|Contributed by C Sarkar, MC Sharma, R Arora, S Gaikwad*, VS Mehta**|
|Departments of Pathology, Neuroradiology* and Neurosurgery**, All India Institute of Medical Sciences, New Delhi|
|Published on line in August 2002|
This 21-year-old man presented with the chief complaint of a single episode of generalized tonic clonic seizures in November 1999 from which he recovered completely. There was no history of headache, vomiting or any sensory or motor deficit. General physical examination and central nervous system examination revealed no abnormality. Contrast enhanced computerized tomography (CECT) of the head revealed a cystic lesion with enhancing nodule in the right frontal region (Fig. 1). MRI confirmed the solid-cystic nature of the lesion (Fig. 2). Based on radiological data, various differential diagnoses considered were pilocytic astrocytoma, ganglioglioma, pleomorphic xanthoastrocytoma and hemangioblastoma. A right frontal lobectomy was done. The lesion was encountered at a depth of 2 cm in the cerebral cortex and was excised.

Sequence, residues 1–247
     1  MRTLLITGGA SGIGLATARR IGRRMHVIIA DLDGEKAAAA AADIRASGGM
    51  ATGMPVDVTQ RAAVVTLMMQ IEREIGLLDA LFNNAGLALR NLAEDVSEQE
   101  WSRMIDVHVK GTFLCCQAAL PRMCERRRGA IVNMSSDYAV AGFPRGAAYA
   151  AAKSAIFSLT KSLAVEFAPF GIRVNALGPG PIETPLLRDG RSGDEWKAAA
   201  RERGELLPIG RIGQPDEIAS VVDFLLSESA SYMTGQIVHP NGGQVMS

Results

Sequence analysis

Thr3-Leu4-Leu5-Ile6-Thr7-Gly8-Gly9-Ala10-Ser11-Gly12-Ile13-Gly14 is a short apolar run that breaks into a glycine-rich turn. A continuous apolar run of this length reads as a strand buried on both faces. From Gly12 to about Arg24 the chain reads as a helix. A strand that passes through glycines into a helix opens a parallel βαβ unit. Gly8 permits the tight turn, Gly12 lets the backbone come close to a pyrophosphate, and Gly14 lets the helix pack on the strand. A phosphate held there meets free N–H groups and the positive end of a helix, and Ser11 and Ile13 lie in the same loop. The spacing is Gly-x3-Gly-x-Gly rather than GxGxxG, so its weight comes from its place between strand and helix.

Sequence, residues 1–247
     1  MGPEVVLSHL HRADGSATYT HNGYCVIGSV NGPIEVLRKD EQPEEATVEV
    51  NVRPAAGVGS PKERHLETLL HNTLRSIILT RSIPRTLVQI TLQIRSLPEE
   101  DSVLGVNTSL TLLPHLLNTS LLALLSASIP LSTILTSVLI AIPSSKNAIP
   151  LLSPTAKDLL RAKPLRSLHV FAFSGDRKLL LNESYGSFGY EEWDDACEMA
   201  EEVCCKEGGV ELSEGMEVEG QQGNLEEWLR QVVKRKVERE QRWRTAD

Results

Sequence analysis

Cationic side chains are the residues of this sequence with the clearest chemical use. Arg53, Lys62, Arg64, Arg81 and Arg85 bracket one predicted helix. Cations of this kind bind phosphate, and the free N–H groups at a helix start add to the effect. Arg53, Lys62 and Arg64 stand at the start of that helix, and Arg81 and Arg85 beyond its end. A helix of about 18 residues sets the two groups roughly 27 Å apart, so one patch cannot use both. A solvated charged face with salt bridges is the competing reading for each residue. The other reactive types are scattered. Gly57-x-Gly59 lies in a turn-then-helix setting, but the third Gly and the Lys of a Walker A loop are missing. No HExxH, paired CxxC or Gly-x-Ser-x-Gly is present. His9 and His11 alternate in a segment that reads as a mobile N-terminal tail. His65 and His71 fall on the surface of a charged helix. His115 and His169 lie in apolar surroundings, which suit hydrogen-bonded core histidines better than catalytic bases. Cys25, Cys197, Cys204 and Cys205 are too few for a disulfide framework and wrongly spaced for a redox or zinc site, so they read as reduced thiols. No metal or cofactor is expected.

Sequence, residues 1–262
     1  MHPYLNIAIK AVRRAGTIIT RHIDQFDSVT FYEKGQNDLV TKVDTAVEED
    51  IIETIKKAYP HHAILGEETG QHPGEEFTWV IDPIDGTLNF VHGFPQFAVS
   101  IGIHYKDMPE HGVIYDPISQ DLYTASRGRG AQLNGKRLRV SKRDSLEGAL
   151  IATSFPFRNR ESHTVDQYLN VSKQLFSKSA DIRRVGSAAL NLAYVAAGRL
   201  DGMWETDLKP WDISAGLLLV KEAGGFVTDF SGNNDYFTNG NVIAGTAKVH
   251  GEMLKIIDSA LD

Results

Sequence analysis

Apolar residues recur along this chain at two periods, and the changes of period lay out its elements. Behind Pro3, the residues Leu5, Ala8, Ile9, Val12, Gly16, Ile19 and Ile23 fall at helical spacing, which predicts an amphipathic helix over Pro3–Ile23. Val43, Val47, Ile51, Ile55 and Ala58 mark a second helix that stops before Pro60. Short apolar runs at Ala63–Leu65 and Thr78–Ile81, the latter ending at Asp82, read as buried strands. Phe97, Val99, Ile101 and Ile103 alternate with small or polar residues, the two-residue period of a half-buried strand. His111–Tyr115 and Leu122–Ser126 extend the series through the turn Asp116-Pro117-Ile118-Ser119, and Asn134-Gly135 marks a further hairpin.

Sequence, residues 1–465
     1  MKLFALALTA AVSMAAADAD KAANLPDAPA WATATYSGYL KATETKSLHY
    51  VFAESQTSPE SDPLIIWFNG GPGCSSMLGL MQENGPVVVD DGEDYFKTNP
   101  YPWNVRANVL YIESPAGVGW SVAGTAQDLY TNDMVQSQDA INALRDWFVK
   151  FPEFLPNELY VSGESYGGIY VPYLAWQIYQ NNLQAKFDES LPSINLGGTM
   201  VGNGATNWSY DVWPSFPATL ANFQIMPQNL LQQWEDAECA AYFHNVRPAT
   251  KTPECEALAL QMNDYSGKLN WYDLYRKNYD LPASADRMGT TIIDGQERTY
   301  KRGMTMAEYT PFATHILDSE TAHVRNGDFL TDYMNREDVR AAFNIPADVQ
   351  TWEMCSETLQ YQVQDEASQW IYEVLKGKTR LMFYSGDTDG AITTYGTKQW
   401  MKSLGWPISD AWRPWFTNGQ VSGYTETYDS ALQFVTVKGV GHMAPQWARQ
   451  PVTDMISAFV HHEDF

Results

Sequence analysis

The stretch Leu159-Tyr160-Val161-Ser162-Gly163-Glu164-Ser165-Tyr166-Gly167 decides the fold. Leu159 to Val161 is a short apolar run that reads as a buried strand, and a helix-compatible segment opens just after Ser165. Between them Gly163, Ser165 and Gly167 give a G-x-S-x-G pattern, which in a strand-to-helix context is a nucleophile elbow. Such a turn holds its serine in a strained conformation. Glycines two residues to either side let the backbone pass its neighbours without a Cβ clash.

Sections examined from the lesion showed a biphasic pattern. In solid areas, tumor cells were spindle shaped with nuclear palisading (Fig. 3). In some of the more cellular areas there were palisading nuclei with adjacent anuclear zones. The other areas were sparsely cellular, with cells loosely arranged in a myxomatous background (Fig. 4). Blood vessels were thick walled and hyalinized. There was evidence of old hemorrhage in the form of hemosiderin pigment deposition. The tumor did not show mitosis or necrosis. Reticulin stains revealed the tumor to be reticulin rich (Fig. 5) and Masson trichrome showed mature collagen formation with the tumor. The tumor was well demarcated from the surrounding brain parenchyma.
Immunohistochemistry for S-100 protein showed diffuse nuclear and cytoplasmic positivity. Focal cytoplasmic positivity for glial fibrillary acidic protein (GFAP) was also present. Tumor cells were however negative for synaptophysin, neurofilament, cytokeratin (CK) and epithelial membrane antigen (EMA). Electron microscopy revealed spindle shaped cells with scant cytoplasm and numerous cellular processes with basal lamina (Fig. 6). No intracellular intermediate filaments were identified.